-r, --reverse reverse order while sorting
-R, --recursive list subdirectories recursively
-s, --size print the allocated size of each file, in blocks
-S sort by file size
--sort=WORD sort by WORD instead of name: none -U,
extension -X, size -S, time -t, version -v
--time=WORD with -l, show time as WORD instead of modification
time: atime -u, access -u, use -u, ctime -c,
or status -c; use specified time as sort key
if --sort=time
--time-style=STYLE with -l, show times using style STYLE:
full-iso, long-iso, iso, locale, +FORMAT.
FORMAT is interpreted like `date'; if FORMAT is
FORMAT1FORMAT2, FORMAT1 applies to
non-recent files and FORMAT2 to recent files;
if STYLE is prefixed with `posix-', STYLE
takes effect only outside the POSIX locale
-t sort by modification time
-T, --tabsize=COLS assume tab stops at each COLS instead of 8
-u with -lt: sort by, and show, access time
with -l: show access time and sort by name
otherwise: sort by access time
-U do not sort; list entries in directory order
-v natural sort of (version) numbers within text
-w, --width=COLS assume screen width instead of current value
-x list entries by lines instead of by columns
-X sort alphabetically by entry extension
-Z, --context print any SELinux security context of each file
-1 list one file per line
--help display this help and exit
--version output version information and exit

SIZE may be (or may be an integer optionally followed by) one of following:
kB 1000, K 1024, MB 1000*1000, M 1024*1024, and so on for G, T, P, E, Z, Y.

By default, color is not used to distinguish types of files. That is
equivalent to using --color=none. Using the --color option without the
optional WHEN argument is equivalent to using --color=always. With
--color=auto, color codes are output only if standard output is connected
to a terminal (tty). The environment variable LS_COLORS can influence the
colors, and can be set easily by the dircolors command.


2. cd
will allow you to change directories. When you open a terminal you will be in your home directory. To move around the file system you will use cd.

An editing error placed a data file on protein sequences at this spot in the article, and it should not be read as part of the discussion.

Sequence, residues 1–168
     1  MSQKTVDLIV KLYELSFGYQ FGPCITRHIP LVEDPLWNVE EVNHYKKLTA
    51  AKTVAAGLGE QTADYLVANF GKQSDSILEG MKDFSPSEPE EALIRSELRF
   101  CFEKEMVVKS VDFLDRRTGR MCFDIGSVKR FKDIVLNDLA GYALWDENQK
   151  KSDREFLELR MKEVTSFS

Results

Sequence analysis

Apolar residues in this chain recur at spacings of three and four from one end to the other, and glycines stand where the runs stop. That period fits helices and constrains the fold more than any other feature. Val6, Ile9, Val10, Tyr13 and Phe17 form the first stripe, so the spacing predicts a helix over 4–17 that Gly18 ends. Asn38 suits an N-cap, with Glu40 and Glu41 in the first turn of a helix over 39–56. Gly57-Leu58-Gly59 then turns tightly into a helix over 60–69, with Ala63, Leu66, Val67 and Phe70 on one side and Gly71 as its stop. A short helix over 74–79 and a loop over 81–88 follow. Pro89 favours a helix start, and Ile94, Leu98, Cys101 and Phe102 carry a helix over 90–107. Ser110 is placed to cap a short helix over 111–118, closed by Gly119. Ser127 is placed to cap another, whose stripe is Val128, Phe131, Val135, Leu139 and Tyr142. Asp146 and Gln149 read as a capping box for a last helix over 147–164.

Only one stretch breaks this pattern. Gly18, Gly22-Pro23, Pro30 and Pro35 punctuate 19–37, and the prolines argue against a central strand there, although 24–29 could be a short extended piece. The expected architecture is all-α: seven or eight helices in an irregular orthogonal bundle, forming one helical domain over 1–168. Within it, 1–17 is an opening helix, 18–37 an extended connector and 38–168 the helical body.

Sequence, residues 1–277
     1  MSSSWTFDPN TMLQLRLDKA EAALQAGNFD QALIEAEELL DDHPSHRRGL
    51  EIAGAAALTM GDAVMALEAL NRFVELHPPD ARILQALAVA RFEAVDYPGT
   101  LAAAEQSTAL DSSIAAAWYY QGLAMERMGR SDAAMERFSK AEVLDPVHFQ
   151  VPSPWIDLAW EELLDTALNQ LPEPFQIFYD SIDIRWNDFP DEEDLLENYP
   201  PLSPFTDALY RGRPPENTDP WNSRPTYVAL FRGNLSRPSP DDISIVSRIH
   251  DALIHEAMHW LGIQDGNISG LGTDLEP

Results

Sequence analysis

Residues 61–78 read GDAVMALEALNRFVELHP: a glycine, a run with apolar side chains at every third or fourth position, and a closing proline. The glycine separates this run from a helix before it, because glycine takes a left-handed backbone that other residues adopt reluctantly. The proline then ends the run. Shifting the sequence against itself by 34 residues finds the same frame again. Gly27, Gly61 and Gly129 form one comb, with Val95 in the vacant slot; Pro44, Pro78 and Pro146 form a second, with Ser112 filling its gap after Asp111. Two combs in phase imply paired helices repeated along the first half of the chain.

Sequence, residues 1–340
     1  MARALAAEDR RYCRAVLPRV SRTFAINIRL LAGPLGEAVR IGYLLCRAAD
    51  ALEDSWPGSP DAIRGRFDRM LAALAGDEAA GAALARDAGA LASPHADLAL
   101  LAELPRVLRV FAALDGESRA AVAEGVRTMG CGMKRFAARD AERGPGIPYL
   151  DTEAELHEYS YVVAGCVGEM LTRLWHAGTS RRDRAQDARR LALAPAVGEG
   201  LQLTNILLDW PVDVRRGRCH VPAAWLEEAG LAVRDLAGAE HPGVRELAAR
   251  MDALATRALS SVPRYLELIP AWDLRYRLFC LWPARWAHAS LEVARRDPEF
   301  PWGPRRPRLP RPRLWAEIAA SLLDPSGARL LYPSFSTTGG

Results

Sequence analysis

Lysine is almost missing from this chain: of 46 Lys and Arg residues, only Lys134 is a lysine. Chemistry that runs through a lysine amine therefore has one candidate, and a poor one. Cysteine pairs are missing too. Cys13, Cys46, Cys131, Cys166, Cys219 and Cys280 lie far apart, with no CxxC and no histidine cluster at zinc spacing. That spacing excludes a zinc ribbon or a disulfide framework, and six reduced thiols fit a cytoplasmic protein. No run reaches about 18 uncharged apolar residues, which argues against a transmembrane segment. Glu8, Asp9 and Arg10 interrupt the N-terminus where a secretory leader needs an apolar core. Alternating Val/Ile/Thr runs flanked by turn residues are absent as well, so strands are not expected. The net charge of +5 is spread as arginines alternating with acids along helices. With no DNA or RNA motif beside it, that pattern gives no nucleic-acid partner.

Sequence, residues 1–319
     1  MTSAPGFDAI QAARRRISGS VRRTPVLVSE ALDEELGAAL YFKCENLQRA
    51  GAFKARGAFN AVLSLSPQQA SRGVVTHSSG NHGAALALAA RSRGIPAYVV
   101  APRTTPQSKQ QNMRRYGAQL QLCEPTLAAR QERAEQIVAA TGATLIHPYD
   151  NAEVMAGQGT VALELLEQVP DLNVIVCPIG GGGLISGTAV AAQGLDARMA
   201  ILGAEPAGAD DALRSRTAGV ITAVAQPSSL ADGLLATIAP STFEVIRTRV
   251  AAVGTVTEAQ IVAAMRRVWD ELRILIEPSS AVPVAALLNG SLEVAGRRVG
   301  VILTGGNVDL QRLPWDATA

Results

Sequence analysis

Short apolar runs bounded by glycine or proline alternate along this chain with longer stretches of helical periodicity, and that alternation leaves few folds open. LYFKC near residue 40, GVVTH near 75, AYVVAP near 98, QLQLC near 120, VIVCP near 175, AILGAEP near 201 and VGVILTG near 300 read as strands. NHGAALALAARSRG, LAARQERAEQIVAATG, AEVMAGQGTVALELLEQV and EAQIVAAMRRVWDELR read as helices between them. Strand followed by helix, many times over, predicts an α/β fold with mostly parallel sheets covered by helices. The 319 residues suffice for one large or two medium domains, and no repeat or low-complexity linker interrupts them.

Examples:

cd/

navigates into the root directory

cd

or
cd~

navigates into your home directory

cd ..

navigates up one directory level

cd -

navigates to the previous directory (or back)

cd /var/www

navigates through multiple levels of directory at once. This one goes directly to the /www subdirectory of /var/

3. cp
will make a copy of a file for you

Examples:

cp file foo

will make a exact copy of "file" and name it "foo", but the file "file" will still be there

cp -r directory foo

this is for copying a directory (copy recursively)

4. mv
will move a file to a different location or will rename a file

Examples:

mv file foo

will rename the file "file" to "foo"

mv foo /var/www

will move the file "foo" to your "/var/www" directory but will not rename it

5. rm
remove or delete a file in your directory or a directory

Examples:

rm foo

will delete foo

rm -r /var/www

will delete "/var/www" directory recursively

6. rmdir
will delete an empty directory

Examples:

rmdir /var/www


7. mkdir
allows you to create directories

Examples:

mkdir music

will create a directory called "music"

8. man
shows you the manual of other commands

Examples:

man man

will get the man page for man itself


Resources: Ubuntu.com

2 comments:

arusha.co said...

i cant log into my system...im using ubuntu 9.04..when i tried to log in i wask asked to use command...can any one help???

Speedy Gonzales said...

Here is a tutorial on how to reset your ubuntu password: http://ubuntu-for-humans.blogspot.com/2010/11/how-to-reset-administrator-password-in.html